Tactical paramedics should be allowed to carry firearms, Ohio fire chief says

The fire department is seeking permission from city council to arm paramedics who assist the SWAT team


George W. Davis, For the Beacon Journal
Akron Beacon Journal

GREEN, Ohio — Since 1998, the city's fire department has had a tactical paramedic team that assists the Summit County sheriff's SWAT team whenever called.

With a 2018 change in state law, the nine members on the team and Fire Chief Jeff Funai are hoping that next month City Council will OK the paramedics to be armed during such calls.

Green Fire Lt. Michael Mohr carries the gear he wears when working as a tactical paramedic for the SWAT team. (Photo/Mike Cardew, Beacon Journal)
Green Fire Lt. Michael Mohr carries the gear he wears when working as a tactical paramedic for the SWAT team. (Photo/Mike Cardew, Beacon Journal)

The council approval could come Feb. 11 or Feb. 25. Team members have paid for their own 9 mm semiautomatic weapons, which Funai repeatedly stressed, would never be carried by Green paramedics when responding to routine medical calls, just on SWAT emergencies. The handguns would allow team members to protect themselves when needed.

Funai noted that Green isn't the only community in the region with specially trained paramedic teams working with SWAT units.

Cuyahoga Falls has paramedics who assist SWAT teams as do Barberton, Kent, Akron, Norton and Metro SWAT, among others. Not all are armed when aiding SWAT units. Some departments are considering adding firearms training under the current law.

"Because of our close relationship with the sheriff's department, which provides law enforcement in Green and across Summit County," Funai said, "the sheriff was looking for medical support for his SWAT team in 1998 so we started supplying paramedics to go with SWAT. We had eight to 10 paramedics qualified to assist SWAT."

Capt. Kris Gent, who heads the tactical medic team, said, "Anything with SWAT happening immediately, tactical team members on duty would handle that. If it is something scheduled like a drug raid, typically we would send off-duty guys so we don't upset the number of guys dedicated for fire and EMS."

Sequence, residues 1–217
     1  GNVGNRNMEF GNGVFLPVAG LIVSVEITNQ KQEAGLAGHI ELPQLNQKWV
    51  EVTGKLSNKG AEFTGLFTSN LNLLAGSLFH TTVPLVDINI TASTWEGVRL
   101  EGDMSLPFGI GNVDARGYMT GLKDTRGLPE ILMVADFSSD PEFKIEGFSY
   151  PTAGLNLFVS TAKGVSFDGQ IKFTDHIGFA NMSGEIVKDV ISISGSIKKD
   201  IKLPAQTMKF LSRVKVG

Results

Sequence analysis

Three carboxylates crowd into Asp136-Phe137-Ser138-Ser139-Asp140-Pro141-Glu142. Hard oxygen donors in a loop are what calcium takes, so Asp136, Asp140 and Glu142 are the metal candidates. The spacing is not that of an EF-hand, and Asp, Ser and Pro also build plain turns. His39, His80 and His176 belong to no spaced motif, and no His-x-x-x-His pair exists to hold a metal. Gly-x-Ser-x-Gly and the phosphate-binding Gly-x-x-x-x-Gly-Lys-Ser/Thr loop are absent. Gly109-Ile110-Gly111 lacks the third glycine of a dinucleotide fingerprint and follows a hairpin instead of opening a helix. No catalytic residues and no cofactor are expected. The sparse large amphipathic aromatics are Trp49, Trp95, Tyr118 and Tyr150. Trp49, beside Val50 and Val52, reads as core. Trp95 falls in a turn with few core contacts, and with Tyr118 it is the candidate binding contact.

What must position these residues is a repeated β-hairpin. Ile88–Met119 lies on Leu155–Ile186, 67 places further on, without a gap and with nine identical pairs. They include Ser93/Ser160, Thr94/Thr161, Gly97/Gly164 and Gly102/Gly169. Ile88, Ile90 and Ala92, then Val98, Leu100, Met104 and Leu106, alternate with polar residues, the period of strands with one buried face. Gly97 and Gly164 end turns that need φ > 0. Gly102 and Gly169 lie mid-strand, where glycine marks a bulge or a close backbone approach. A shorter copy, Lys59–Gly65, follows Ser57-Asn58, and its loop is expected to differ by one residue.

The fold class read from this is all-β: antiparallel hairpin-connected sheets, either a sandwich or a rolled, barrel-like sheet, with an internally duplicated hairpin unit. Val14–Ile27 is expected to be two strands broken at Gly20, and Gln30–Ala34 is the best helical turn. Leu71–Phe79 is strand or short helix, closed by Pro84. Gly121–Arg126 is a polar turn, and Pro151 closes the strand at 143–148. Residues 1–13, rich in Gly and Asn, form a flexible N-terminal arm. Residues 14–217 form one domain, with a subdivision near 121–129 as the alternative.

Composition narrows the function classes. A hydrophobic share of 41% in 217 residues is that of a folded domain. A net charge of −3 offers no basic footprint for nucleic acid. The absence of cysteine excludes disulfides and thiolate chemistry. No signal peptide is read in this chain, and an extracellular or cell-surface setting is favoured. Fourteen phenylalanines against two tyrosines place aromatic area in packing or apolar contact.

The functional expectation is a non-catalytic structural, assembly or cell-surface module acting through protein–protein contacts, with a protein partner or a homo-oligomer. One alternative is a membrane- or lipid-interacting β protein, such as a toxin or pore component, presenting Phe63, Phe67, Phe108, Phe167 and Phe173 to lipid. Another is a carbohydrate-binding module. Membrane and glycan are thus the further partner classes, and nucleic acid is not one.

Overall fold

He said the city tries to send three tactical paramedics when called. The minimum is two.

A sheriff's-owned vehicle, a former ambulance no longer certified for patient transport, is used to move the team members and equipment.

"This is something we have been interested in doing for a long time," Funai said, referring to arming tactical paramedics, who for years have been outfitted with bulletproof vests and ballistic helmets when called by SWAT.

"The problem was always finding the right path forward," he said. "It's the state law that has made it easier for everything to line up."

Members of the team took the required 40 hours of firearms training in December through the University of Akron Police Academy and then an eight-hour scenario-based decision-making course at the Ohio Peace Officer Training Academy in London, Ohio. The training was established by the Ohio Peace Officers Training Commission.

Members must be recertified annually for weapon proficiency.

"The twist is we have not changed the role of the tactical paramedics since we started this in 1998," Funai said. "They approach the scene with the SWAT team, approach the house with SWAT members and stay at the door outside until they enter on orders from the SWAT commander in charge of the scene.

"The tactical paramedics are just another tool in the SWAT commander's toolbox to accomplish the mission."

Gent said the team's primary role is medical support for the SWAT team. The secondary role is medical support for others including injured suspects and hostages.

"The additional firearm isn't going to change that role," Gent stressed. "It's kind of a misconception that because we soon could have an opportunity to carry a firearm that we are going to do law enforcement operations and that's not true. We are staying medical.

"The purpose of the firearm is solely for self-defense and the defense of our patients should we have to defend them," he continued. "The SWAT operators' primary responsibility for us is our protection."

Gent said SWAT does a great job of protecting the paramedics, but if the SWAT officers come under fire, the weapons are a way for the emergency medical personnel to defend themselves if required.

Weapons will be kept in locked gun lockers being installed in all three Green fire stations. Only team members will have keys.

Lt. Michael Mohr has 32 years of fire experience, including 13 years with the Canton Township Fire Department. He's been with Green since 2001 and a tactical paramedic since 2007.

"We have been pushing for this for years," Mohr said. "I'm all for it. To have that added piece of security to defend yourself, if necessary, is good."

"We hope all this [new] stuff collects dust," Gent said.

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©2020 the Akron Beacon Journal (Akron, Ohio)

McClatchy-Tribune News Service

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